Usefulness of in vitro micropropagation for establishing plantations of self-rooted Hevea brasiliensis industrial clones

A. Masson
Industrial clones of Hevea brasiliensis have been traditionally propagated by bud-grafting. Although this technique is routinely used by planters - high multiplication rate, high budding success- it is liable to induce graft incompatibilities symptoms and physiological ageing of the planting material. Recent findings have confirmed that industrial clones produced by rooted (micro) cuttings on their own roots further to in vitro rejuvenation, grow faster and yield more latex than those derived from budding. The self-rooted industrial rubber tree clones planted at SoGB were first rejuvenated in vitro by somatic embryogenesis at Gent University in Belgium. The few emblings obtained were then micropropagated by axillary budding for producing a sufficient number of microcuttings for each clone. However the high constraints associated with the shipment of the in vitro microcuttings from Europe to Africa and poor acclimatization success rates prompted us to use these Belgium-produced in vitro plants as stock plants for mass clonal propagation by rooted cuttings at a much cheaper cost locally in the vicinity of the planting sites. Two industrial rubber tree genotypes produced by rooted cuttings have already been planted to compare their agronomic traits to those of the same clones but derived from traditional bud-grafts. Extending such comparative analyses to a greater number of clones will ultimately answer the basic question of knowing whether industrial rubber clones produced from rooted cuttings have a superior field behavior than the same material propagated by grafting. The respective multiplication rates, the time needed to get plantable material as well as the cost efficiency have also to be taken into consideration.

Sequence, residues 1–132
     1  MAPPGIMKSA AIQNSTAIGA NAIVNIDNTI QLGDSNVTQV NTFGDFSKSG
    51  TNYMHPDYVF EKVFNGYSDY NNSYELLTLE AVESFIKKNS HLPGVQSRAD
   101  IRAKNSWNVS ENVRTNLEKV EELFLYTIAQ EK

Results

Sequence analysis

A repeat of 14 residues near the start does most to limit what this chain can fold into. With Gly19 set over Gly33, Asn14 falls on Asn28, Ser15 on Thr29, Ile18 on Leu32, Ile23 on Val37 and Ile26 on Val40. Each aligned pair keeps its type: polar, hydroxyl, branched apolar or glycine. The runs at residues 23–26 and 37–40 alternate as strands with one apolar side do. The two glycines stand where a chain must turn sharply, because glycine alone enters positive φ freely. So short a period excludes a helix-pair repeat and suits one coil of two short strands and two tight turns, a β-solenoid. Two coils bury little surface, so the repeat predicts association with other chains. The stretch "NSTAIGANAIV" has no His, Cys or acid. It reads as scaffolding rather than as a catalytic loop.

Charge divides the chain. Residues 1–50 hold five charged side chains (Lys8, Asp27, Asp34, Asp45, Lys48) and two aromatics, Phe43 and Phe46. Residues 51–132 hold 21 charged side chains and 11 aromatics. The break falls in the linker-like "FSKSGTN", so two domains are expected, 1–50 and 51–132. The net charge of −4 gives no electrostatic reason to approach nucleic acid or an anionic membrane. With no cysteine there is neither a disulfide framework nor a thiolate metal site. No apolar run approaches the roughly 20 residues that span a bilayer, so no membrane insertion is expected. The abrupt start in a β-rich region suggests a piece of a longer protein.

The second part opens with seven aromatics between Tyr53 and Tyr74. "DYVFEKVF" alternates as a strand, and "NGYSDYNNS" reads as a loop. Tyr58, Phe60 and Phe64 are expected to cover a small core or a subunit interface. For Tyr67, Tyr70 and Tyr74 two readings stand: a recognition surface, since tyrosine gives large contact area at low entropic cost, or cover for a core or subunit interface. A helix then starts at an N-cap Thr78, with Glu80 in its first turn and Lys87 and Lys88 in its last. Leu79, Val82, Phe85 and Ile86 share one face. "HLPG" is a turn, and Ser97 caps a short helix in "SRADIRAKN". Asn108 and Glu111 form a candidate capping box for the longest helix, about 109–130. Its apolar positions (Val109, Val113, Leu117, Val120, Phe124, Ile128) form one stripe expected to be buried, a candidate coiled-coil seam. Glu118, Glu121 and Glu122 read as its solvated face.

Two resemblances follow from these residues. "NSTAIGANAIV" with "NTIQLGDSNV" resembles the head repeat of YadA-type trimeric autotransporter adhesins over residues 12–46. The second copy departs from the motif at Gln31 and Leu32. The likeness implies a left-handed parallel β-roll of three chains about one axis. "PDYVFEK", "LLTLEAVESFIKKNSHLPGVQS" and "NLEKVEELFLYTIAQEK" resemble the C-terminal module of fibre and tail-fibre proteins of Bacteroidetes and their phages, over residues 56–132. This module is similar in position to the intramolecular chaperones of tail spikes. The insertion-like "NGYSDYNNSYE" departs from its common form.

Masson, A. 2017. Usefulness of in vitro micropropagation for establishing plantations of self-rooted Hevea brasiliensis industrial clones. Acta Hort. (ISHS) 1155:585-594
https://doi.org/10.17660/ActaHortic.2017.1155.86
cost efficiency, mass production, rejuvenation, rooted cuttings, somatic embryogenesis, stock plant
English

Acta Horticulturae